Apex Performance Centre

Achilles Tendinitis: Causes, Symptoms and Treatment

Achilles Tendon Anatomy

Your Achilles tendon is the largest tendon in your body, attaching your heel to the calf muscle. You can see it protrude when you look at the back of your heel. Your Achilles tendon is essential for walking, and is used when you push off to walk or run or when you stand on your toes.

When it occurs, Achilles tendinitis can be mild, moderate or severe, making it painful to exercise, walk, or climb stairs.

Achilles Tendon Anatomy

Achilles Tendinitis Causes

Achilles tendinitis is a relatively common injury, most commonly occurring with stop/start/pivot sports such as running, football, baseball, basketball, tennis and volleyball but can happen to anyone.

The injury most commonly occurs from repetitive pushing off as when jumping or sprinting. The tendon gets overloaded and pain results. Men over 30 are move likely to suffer Achilles tendinitis. Other risk factors include tight leg muscles, particularly in the lower leg, wearing high heels, exercising in worn shoes, and flat feet.

Symptoms

You will feel pain when moving your ankle or standing on your toes as when performing a calf raise. The condition may start as a mild pain above your heel after exercise and may progress if left untreated. There may be swelling. If you feel this kind of pain above your heel after exercise don’t ignore it — it’s a symptom that needs to be dealt with.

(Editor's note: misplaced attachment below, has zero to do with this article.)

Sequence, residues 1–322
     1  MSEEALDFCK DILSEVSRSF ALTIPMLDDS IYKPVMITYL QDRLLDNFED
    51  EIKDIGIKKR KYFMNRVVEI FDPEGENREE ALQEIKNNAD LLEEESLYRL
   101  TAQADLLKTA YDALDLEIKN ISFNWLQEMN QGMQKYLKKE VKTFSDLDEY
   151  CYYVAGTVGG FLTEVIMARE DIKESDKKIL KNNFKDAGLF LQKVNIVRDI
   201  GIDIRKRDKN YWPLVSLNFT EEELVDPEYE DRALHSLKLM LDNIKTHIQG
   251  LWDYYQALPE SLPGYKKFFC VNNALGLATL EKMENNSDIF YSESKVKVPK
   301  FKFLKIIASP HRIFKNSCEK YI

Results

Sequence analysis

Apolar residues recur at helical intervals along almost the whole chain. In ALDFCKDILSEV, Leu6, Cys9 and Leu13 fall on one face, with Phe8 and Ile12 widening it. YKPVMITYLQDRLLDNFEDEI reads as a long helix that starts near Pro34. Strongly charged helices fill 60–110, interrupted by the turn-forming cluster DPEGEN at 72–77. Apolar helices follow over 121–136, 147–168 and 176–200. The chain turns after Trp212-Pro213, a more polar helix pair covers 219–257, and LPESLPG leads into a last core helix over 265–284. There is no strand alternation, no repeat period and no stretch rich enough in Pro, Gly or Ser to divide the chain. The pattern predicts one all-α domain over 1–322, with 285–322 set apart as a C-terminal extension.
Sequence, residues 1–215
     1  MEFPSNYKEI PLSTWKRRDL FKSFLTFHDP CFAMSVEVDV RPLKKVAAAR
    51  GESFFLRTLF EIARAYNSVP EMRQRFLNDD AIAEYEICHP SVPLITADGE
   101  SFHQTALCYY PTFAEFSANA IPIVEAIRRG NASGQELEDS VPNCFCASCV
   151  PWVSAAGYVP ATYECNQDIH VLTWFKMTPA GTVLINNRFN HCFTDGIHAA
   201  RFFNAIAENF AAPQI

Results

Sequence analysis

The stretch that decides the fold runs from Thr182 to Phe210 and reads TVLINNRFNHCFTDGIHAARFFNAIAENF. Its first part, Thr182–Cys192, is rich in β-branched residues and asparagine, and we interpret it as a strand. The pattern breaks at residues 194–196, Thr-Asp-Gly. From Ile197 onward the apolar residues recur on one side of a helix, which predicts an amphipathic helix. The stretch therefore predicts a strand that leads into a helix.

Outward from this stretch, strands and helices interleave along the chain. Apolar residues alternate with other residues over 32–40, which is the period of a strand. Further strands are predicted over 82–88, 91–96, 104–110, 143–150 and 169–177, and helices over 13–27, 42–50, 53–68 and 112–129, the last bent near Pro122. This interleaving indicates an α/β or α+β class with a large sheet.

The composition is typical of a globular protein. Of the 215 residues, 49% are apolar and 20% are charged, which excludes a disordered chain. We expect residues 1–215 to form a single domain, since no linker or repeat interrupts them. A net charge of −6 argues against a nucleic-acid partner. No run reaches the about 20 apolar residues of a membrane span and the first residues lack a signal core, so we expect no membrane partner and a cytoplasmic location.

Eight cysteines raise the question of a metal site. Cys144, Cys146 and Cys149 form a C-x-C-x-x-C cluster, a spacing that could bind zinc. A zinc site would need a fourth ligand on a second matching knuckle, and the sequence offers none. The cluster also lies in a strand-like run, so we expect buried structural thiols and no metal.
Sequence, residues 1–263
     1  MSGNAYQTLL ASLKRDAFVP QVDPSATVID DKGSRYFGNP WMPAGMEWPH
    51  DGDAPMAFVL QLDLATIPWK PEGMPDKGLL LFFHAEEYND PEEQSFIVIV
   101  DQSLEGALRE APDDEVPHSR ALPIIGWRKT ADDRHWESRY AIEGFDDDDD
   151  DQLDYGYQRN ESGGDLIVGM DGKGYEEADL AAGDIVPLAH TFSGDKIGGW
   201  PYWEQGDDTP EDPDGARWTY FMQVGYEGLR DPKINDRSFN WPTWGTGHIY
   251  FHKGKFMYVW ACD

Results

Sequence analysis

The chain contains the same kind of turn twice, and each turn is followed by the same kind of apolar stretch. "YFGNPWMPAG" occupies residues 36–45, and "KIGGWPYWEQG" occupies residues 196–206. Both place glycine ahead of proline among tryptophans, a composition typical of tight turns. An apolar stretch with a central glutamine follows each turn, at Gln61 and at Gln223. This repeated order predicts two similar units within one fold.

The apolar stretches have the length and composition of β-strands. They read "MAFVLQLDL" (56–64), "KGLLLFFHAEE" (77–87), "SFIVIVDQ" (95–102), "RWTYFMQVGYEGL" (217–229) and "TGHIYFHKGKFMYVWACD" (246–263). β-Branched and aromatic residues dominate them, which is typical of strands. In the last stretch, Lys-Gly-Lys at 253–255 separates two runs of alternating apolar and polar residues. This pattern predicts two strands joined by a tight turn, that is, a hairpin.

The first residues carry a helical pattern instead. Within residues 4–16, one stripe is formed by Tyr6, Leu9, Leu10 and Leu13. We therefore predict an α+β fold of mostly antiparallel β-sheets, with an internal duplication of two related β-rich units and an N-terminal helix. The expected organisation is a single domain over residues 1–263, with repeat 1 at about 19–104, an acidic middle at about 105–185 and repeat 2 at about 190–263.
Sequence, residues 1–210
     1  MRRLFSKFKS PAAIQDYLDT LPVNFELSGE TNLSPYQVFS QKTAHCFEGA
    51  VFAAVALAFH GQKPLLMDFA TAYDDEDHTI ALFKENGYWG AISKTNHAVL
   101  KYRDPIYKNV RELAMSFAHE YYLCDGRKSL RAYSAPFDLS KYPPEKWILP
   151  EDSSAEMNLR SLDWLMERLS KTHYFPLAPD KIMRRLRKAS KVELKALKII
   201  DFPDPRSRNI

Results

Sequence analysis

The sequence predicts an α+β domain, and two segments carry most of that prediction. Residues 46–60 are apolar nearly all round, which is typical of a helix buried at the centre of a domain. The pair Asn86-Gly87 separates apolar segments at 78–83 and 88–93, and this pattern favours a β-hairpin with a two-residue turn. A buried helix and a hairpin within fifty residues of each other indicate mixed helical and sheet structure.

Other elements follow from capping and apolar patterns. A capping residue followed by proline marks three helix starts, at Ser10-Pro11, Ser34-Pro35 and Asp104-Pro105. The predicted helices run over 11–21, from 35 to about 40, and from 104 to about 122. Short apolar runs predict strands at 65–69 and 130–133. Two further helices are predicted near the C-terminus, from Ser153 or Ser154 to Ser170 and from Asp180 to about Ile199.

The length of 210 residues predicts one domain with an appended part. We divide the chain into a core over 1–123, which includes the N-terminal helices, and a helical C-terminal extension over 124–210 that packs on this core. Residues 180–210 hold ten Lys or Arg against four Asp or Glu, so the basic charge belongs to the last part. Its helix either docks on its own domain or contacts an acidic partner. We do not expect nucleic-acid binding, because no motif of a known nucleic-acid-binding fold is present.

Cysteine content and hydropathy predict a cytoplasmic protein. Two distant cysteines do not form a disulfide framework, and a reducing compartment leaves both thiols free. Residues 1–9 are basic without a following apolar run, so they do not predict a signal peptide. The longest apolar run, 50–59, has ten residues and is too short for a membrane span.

In severe cases the tendon can rupture, causing severe pain, bruising, and swelling. When this happens you may hear a snapping or popping sound. If you doctor suspects you have ruptured your Achilles tendon he or she may perform a calf squeeze test to verify the diagnosis.

You’ll be asked to kneel on a bench with your stomach on the exam table. The doctor will squeeze your calf, and if the tendon is attached this would normally cause your foot to move. If it doesn’t it’s a sign that the tendon has ruptured.

Achilles Tendon Sufferer

Treatment And Prevention

If the injury is not severe, Achilles tendinitis usually resolves itself. Discontinue any exercise and follow the RICE protocol — rest the leg, ice it 20 minutes on and off, use a compression bandage to limit the swelling and elevate the leg. Anti-inflammatory drugs may help with the pain and swelling.

Depending on the severity of the injury it may take anywhere from a couple of  weeks to several months to heal. It’s important to let the injury heal completely before resuming explosive stop/start/pivot sports. Make sure you can move your injured leg as freely as the uninjured one and there is no pain when starting, stopping, jumping and pivoting.

Wear good quality shoes with arch support when exercising and warm up with calf stretches before and exercise to avoid recurring injury.

How Apex Can Help

If you have pain above your heel after exercise or have been diagnosed with Achilles tendinitis the health professionals at the Apex Centre can help speed your recovery. Massage therapy, therapeutic ultrasound, and shockwave therapy may be used to help regenerate injured tissue and speed recovery. In addition, we can help design an exercise regimen that will add strength and flexibility to your Achilles tendon, lessening the risk of future injury.

Resources